Using Modern Mobile Graphics Hardware
- What Is 3D Rendering?
- Supplying the Graphics Processor with Data
- The OpenGL ES Context
- The Geometry of a 3D Scene
Embedded systems encompass a wide range of devices, from aircraft cockpits to vending machines. The vast majority of 3D-capable embedded systems are handheld computers such as Apple’s iPhone, iPod Touch, and iPad or phones based on Google’s Android operating system. Handheld devices from Sony, Nintendo, and others also include powerful built-in 3D graphics capabilities.
OpenGL for Embedded Systems (OpenGL ES) defines the standard for embedded 3D graphics. Apple’s iPhone, iPod Touch, and iPad devices running iOS 5 support OpenGL ES version 2.0. Apple’s devices also support the older OpenGL ES version 1.1. A software framework called GLKit introduced with iOS 5 simplifies many common programming tasks and partially hides the differences between the two supported OpenGL ES versions. This book focuses on OpenGL ES version 2.0 for iOS 5 with GLKit.
Without diving into specific programming details, this chapter explains the general approach to producing 3D graphics with OpenGL ES and iOS 5. Modern hardware-accelerated 3D graphics underlie all the visual effects produced by advanced mobile products. Reading this chapter is the first step toward squeezing the best possible 3D graphics and visual effects out of mobile hardware.
What Is 3D Rendering?
A graphics processing unit (GPU) is a hardware component that combines data describing geometry, colors, lights, and other information to produce an image on a screen. The screen only has two dimensions, so the trick to displaying 3D data is generating an image that fools the eye into seeing the missing third dimension, as in the example in Figure 1.1.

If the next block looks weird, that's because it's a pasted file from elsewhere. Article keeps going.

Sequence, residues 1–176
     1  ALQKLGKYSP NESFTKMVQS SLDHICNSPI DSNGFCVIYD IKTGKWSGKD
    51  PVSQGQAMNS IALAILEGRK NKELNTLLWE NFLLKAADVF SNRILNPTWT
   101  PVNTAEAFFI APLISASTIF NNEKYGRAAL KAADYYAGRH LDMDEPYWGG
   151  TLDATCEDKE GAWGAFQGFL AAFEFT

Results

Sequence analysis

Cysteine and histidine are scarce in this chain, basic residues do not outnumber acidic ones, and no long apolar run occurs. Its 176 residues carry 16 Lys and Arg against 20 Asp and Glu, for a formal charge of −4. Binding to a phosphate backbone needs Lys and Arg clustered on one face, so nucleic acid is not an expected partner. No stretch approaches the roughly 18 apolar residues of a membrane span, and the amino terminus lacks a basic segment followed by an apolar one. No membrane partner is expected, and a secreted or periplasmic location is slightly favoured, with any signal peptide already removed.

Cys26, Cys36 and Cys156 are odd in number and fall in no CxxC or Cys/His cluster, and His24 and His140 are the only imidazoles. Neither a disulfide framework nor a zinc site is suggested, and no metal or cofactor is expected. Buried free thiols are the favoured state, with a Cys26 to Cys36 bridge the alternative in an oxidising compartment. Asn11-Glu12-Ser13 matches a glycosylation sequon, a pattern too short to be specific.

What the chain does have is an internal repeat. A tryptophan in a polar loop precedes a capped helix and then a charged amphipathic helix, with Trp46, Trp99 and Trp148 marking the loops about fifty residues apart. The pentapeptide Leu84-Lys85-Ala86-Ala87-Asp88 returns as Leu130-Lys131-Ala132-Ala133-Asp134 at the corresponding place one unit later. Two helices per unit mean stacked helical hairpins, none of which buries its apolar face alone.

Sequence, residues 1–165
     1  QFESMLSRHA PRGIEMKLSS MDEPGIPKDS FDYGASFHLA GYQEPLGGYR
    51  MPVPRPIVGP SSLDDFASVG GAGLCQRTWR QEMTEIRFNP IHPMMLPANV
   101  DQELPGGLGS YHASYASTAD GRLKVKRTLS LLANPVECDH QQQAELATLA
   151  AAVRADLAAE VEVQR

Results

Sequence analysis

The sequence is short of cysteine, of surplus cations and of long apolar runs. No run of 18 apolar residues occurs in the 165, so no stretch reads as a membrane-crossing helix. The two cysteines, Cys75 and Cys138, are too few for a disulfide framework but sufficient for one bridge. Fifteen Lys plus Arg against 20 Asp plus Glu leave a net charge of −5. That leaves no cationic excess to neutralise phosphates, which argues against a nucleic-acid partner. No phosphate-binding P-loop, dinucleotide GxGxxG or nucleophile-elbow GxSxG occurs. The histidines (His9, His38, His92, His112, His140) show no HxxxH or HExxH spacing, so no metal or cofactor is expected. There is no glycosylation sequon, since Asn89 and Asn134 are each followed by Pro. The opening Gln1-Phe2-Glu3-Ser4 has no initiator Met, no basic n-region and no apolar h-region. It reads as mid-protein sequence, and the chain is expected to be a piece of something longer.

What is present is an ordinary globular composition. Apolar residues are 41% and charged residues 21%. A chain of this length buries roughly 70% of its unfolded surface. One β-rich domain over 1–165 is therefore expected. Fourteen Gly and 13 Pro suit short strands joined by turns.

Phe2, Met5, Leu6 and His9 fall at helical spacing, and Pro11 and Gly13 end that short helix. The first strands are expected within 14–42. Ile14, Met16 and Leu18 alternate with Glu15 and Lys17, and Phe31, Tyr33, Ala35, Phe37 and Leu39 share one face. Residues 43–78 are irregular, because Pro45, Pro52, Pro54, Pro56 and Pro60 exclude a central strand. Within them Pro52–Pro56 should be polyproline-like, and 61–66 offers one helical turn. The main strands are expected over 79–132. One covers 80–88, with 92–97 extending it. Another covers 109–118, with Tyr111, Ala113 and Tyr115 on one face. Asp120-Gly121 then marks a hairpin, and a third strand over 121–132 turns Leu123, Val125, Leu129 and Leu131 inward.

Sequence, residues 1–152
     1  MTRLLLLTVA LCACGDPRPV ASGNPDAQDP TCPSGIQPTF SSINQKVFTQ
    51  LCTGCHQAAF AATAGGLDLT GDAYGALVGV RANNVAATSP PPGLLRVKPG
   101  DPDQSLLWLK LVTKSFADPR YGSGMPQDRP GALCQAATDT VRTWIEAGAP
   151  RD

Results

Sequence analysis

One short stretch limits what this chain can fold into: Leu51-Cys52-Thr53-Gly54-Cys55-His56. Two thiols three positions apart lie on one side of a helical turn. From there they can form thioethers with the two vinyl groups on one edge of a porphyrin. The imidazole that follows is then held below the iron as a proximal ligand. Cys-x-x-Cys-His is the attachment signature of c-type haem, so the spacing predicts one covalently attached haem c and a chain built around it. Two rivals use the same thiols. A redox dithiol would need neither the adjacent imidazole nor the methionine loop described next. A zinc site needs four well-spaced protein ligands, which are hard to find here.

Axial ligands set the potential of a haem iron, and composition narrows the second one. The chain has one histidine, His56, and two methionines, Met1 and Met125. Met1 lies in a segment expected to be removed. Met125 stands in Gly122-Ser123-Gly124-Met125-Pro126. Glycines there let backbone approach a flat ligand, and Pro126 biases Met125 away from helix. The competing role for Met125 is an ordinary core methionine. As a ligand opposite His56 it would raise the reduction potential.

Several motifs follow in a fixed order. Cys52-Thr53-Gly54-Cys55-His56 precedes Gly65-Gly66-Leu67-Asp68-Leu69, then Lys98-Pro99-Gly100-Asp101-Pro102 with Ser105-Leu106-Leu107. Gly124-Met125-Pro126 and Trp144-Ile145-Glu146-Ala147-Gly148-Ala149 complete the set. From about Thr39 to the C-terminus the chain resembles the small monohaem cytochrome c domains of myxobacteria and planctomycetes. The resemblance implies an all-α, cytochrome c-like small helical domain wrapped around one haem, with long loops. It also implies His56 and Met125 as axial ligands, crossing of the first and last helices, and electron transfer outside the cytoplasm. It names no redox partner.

Figure 1.1 A sample image generated from 3D data.
The generation of a 2D image from 3D data is called rendering. The image on a computer display is composed of rectangular dots of color called pixels. Figure 1.2 shows an enlarged portion of an image to show the individual pixels. If you examine your display through a magnifying glass, you will see that each pixel is composed of three color elements: a red dot, a green dot, and a blue dot. Figure 1.2 also shows a further enlarged single pixel to depict the individual color elements. On a full-color display, pixels always have red, green, and blue color elements, but the elements might be arranged in different patterns than the side-by-side arrangement shown in Figure 1.2.
Figure 1.2 Images are composed of pixels that each have red, green, and blue elements.
Images are stored in computer memory using an array containing at least three values for each pixel. The first value specifies the red color element’s intensity for the pixel. The second value is the green intensity, and the third value is the blue intensity. An image that contains 10,000 pixels can be stored in memory as an array of 30,000 intensity values—one value for each of the three color elements in each pixel. Combinations of red, green, and blue at different intensities are sufficient to produce every color of the rainbow. If all three elements have zero intensity, the resulting color is black. If all three elements have full intensity, the perceived color is white. Yellow is formed by mixing red and green without any blue. The Mac OS X standard Color panel user interface shown in Figure 1.3 contains graphical sliders to adjust relative Red, Green, Blue (RGB) intensities.
Figure 1.3. User interface to adjust Red, Green, and Blue color component intensities.
Rendering 3D data into a 2D image typically occurs in several separate steps involving calculations to set the red, green, and blue intensities of every pixel in the image. Taken as a whole, this book describes how programs best take advantage of OpenGL ES and graphics hardware at each step in the rendering process. The first step is to supply the GPU with 3D data to process.